3 Years of Pattern Libraries: Lessons Learned

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Component libraries can be very useful in terms of organization, unity, and ensuring performance/accessibility. They’re a great asset to any team (especially as teams grow) and I’ve learned a lot about the development of design systems along the way from working on various teams of varying size and with unique groups of people (From nvite, to IBM’s Watson and Bluemix, and now at DigitalOcean). This is not a technical post, but a few good items to consider before diving into such an endeavor.

I’m going to use the terms “pattern library”, “component library”, and “design system” interchangeably for the purposes of this blog post.

Lesson 1: Not Everyone Will Agree

Pattern libraries (and really CSS in general) is one of those things that everyone has an opinion on how to implement because of its low barrier to entry. This can (and likely will) cause strong opinions to form among various members of your team. I’ve never worked on a team which agreed on everything in terms of a pattern library (which is a good thing—and I hope you’re never on one either).

That’s because of all of the different opinionated moving parts:

This is just what I can come up with in 5 minutes. Those ideas and issues span a variety of front end topics and experience levels and guess what! Most of them have multiple valid solutions—it just becomes a matter of opinion at a point. And opinion is not the best method of decision making.

Like I said, I’ve never been on a team that didn’t face this. I find the best way to deal with inconsistencies of opinion is to have a meeting with a time-boxed agenda (this is the most important part!) to talk them out. Have resources ready to aid in extending your explanation if you need to. Then, make a commitment to have a final solution by the end of the meeting (or schedule a regroup meeting if no conclusion has been reached). It’s best to make a decision and move forward as a team (even if its not your favorite way to do things), rather than get stuck on a naming convention and really put a dent in your productivity.

Another thing to keep in mind at all times when entering these kinds of discussions is your audience. Your audience is likely going to be other engineers or designers at your company. Ask them what they want (seriously, just ask), so you can both manage expectations and find the best solution to present.

As an example, while working on the Bluemix pattern library, we front-end devs were pretty heads-down and full-force with a Sass implementation, until we realized that a lot of our engineers were unfamiliar with the preprocessor and just wanted something like Bootstrap to “plug-and play.”

We came up with a multi-tier solution (providing the .css file via a CDN as one option, providing .scss files as classes, and providing .scss files with extensible styles to customize your own class names but pull in the style (that was 3 modes of consumption if you were counting). This allowed customization based on level of CSS familiarity/experience and project integration needs. And it wasn’t the last time I faced that same challenge.

Lesson 2: Layout is Hard

Everyone loves creating modular components like buttons, but handling the layout is the weird/difficult part. This is also because components are also much easier to deliver, but you can’t really consume them without the base or global styles/variables.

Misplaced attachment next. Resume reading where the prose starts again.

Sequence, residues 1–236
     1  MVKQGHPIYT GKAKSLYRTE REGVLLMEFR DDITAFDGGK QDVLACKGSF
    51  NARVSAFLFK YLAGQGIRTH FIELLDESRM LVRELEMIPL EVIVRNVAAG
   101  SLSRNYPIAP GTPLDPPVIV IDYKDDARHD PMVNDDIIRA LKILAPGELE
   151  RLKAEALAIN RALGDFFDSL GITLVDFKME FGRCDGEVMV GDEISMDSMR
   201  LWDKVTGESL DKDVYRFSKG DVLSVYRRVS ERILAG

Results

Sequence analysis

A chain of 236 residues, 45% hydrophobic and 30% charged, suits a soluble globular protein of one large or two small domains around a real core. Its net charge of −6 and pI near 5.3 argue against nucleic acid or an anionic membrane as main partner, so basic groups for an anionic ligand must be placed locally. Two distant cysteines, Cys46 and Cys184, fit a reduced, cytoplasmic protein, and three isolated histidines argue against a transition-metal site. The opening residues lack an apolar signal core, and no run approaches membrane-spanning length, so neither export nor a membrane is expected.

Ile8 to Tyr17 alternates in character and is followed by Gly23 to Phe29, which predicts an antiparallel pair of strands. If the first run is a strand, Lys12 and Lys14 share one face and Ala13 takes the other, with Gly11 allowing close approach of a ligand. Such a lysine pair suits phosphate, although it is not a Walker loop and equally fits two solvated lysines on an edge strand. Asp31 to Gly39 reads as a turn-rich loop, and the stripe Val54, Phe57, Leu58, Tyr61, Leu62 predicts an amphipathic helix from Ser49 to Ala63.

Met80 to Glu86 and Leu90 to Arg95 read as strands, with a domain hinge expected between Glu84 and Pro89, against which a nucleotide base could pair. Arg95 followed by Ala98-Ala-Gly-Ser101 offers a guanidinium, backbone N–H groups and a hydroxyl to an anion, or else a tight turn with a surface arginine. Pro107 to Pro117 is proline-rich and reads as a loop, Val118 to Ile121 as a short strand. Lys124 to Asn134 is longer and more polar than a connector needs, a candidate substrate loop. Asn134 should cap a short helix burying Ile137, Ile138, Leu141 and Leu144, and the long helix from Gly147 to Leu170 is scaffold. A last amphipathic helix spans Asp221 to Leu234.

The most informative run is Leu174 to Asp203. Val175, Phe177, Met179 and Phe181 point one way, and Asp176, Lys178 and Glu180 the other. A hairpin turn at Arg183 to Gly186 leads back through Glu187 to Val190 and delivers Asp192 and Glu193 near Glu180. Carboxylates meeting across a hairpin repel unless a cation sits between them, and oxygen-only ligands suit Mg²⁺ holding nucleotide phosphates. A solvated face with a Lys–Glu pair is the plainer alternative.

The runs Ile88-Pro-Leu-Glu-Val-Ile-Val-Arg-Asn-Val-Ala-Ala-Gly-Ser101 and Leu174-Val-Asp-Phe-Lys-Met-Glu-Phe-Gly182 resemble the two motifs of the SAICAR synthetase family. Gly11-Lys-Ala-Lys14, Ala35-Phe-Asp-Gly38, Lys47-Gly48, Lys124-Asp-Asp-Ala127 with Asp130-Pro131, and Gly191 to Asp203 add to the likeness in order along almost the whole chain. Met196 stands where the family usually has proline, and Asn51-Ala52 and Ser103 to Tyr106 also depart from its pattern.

My favorite solution to this is to provide utility classes along with those components, but not layouts. Providing layouts is, in my opinion, a little too restrictive. Utility classes are really useful for spacing and sizing of items including:

These should be helpers and not the bulk of your component library. As an example, the whitespace modifier system on the DigitalOcean pattern library (big ups to Zach Schnackel), looks a little like this: .u-mt--large, .u-ph--small, .u-mv--remove, etc. What does that mean?

It’s like a “build-your-own-adventure-utility` machine 😅

If you noticed, all of the above examples use variables. Variables are important to keep up to date and consistent (as long as you also make sure to keep the naming consistent). Using a variable map for z-indices, colors, and whitespace is a good data structure solution for those items.

Lesson 3: Documentation is Your Product

While working on pattern libraries, it feels like the actual components or, you know, the actual pattern library is your product/deliverable, but this is a narrow view. As its developer, by nature, you are familiar with the product and how to build it (because you built it!), but . This means documentation is paramount, and I’d even say it’s more important than the individual components themselves.

There are a few methods for building documentation, some of which does most of the work for you (like KSS, Hologram, and many others), but it’s important to keep in mind, there is still a human element and amount of effort involved with each of these.

Some allow you to add notes directly in the CSS itself and will parse those files for you to build out documentation. This could work well, and is easy enough to implement, with the added benefit of always keeping up to date with the CSS itself.

If you need a more customized documentation page or pattern library (which is often the case), you could make these systems work for you, or spin up a separate docs page. If the page is separate, it’s paramount to keep this documentation up to date with each change. That documentation is your product!

TL;DR: When it comes to pattern libraries, be prepared for differences in opinion and weirdness in dealing with layout, and remember that documentation is the most important part of your product

Be sure to leave your own #protips in the comments below!

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